There are more than a few frontline politicians in India who yearn to be known as the new mahatmas or saints among the people of India. Nitish Kumar, the restless Chief Minister of Bihar, is among these. He went ahead with a law against liquor that makes the term “draconian” seem tame, giving the police the power of arrest and the courts of incarceration at the merest whiff of a whisky and soda inside the home of a citizen. That such restrictions on citizens are against what may be termed the basic structure of democracy seem to be of little consequence to Nitish Kumar, who incidentally was enthusiastically congratulated by Prime Minister Narendra Modi himself on his saintly ways. It may be assumed that Nitish Kumar himself is abstemious, but not all the people of Bihar are, and the consequence of the absurd, ill-advised and contra-democratic law banning liquor consumption has been an expansion of the mafia-run trade in illicit liquor as well as in the smuggling of spirits from states run by “unsaintly” Chief Ministers into Bihar. In common with other saintly moves such as the effort by the Prime Minister to do away with paper currency and adopt the barter system favoured by Mahatma Gandhi, any electoral benefits of such dramatic measures have been transient. Nitish Kumar has steadily become a less viable political leader by the month, making even Lalu Prasad Yadav seem a better choice, especially since the country’s renowned expert on cattle fodder was embraced by Sant Nitish himself in an electoral alliance that succeeded in besting the BJP and coming to office before the Sant’s inner voice course corrected by returning from the RJD to Prime Minister Narendra Modi, the very leader the Sant had sought to block from nomination as the BJP’s Prime Ministerial candidate by threatening to withdraw from the NDA were such a decision to get taken. The BJP chose Modi over Nitish, and the latter left, though not for long. Given the unpredictability of Nitish Kumar, it is unlikely that the once-bitten Lalu Yadav will allot the JDU a sizeable number of Lok Sabha seats in 2019, which means that the party has no option but to remain in the NDA. Under the Modi government, that formation has devoted considerable effort towards seeking to convert the people of India into abstemious souls, among other ways by using the judicial process to block a number of pornographic sites, including those that invite subscriptions from those interested in such fare. Just as in the case of liquor, such a move has already had the effect of generating gateways designed to leap over the firewalls created by the government. Worse, by diverting traffic to sites that have till now been obscure, but which contain material even more repellent than the banned sites. Although Victorians will explode in anger at this, it needs to be pointed out that it is preferable for the young to find sublimation in watching risqué video clips than in frequenting houses of ill fame. The second may lead to disease, while the first will not. Overall, India remains a democracy where the different branches of government compete in lowering the space for free choice of the Indian people, following what may be termed the “Classic Saudi” model, where too numerous internet sites are banned. If there is too much control over too great a field, finally the population will shrug off such restrictions. Fewer laws better enforced is the answer to a regulatory and legal system in India that has become so complex that it causes either a paralysis of the will to act in a productive way or results in a contempt for the commands given by the many branches of the octopus that is the governance system in India. Matters involving the freedom of the individual to choose should get tackled not through laws and use of the police, but by campaigns designed to change lifestyles and perceptions without reliance on the law and the police. The latter is the preferred way of a colonial or a quasi-colonial state and should be a rare and last rather option rather than the first.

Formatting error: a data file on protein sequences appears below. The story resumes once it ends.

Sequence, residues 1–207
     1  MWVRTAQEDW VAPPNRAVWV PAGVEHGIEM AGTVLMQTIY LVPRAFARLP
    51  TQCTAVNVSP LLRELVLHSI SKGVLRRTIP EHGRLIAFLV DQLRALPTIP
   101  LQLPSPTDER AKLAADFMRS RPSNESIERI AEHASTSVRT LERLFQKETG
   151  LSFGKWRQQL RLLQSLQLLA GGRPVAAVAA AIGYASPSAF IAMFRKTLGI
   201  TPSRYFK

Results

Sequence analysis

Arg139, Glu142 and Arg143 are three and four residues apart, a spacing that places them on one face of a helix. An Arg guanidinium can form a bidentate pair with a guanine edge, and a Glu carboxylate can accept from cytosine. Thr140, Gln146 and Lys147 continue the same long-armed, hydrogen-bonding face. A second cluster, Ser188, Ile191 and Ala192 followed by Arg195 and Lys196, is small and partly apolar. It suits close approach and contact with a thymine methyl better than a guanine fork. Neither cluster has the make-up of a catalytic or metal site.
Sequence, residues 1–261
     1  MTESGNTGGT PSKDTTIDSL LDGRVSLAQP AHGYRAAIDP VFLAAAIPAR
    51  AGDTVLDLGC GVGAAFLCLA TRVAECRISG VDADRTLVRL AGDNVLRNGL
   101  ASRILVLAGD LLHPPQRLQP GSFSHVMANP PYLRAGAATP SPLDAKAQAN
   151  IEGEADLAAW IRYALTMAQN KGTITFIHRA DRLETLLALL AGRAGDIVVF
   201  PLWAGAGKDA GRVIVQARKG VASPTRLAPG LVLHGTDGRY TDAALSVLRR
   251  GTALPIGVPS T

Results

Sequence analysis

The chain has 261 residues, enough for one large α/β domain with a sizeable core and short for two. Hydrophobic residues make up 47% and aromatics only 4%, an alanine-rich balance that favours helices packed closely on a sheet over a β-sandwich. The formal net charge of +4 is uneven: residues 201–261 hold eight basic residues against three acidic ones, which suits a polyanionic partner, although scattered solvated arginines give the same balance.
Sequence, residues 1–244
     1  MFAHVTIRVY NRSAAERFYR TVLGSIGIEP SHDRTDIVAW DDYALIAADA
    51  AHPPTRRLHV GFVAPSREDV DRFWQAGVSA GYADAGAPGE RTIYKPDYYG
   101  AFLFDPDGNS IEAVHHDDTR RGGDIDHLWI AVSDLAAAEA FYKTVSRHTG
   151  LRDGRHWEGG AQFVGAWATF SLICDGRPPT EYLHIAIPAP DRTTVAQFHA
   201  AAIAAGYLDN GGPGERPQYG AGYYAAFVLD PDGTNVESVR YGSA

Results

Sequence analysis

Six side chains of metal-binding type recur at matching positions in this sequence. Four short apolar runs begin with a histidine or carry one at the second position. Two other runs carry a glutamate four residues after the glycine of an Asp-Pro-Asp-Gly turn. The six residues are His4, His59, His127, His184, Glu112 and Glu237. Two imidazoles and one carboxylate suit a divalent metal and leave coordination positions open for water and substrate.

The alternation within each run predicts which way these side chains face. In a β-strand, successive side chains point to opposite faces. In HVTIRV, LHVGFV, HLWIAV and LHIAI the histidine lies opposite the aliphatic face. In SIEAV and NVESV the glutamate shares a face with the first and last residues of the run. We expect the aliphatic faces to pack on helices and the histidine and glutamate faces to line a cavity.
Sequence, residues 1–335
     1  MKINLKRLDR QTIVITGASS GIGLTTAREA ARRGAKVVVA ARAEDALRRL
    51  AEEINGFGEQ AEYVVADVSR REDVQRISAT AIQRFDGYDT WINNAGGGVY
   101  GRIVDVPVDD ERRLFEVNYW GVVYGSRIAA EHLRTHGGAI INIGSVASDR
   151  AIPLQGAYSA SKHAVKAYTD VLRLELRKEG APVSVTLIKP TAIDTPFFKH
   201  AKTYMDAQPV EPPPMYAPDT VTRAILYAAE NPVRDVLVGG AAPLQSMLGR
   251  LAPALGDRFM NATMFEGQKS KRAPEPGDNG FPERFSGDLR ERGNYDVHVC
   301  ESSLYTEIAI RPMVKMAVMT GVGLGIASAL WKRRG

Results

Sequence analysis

It is striking how the institutions of governance in India are still (after seven decades of the Republic) allergic to handing over control of their lives back to the people. Victorian reflexes would be welcomed in Saudi Arabia, a country where multiple codes of behaviour have been prescribed for the citizen on pain of punishment if ignored. Societies such as the US give far more leeway to the individual citizen, and overall do not seek to forcibly constrict choice through governmental orders. In a democracy, the judiciary needs to be on the side of citizens’ rights and freedoms rather than their prohibition. It is therefore a sign of better times that the Supreme Court has in some of its judgements expanded the extent of freedom in individual lifestyles. Hopefully, just as freedom of choice in relationships has been affirmed, so will freedom of speech. For example, locking up individuals for expressing of views that may be unpleasant to hear but which do not contain any active incitement to violence is the mark of a dictatorship, not a free society, and it is a blow against democracy that multiple political parties in India are guilty of, including those vociferously accusing the Modi government of an authoritarian streak. Every year sees more prohibitions and greater controls over the lives and activities of the citizen in a combination of Victorian values and Classic Saudi social engineering methods. Classic because Crown Prince Mohammad bin Salman has these days been trying to de-Wahhabise the Kingdom, a move that hopefully will not be slowed down by the orchestrated din over the circumstances of Jamal Khashoggi’s death.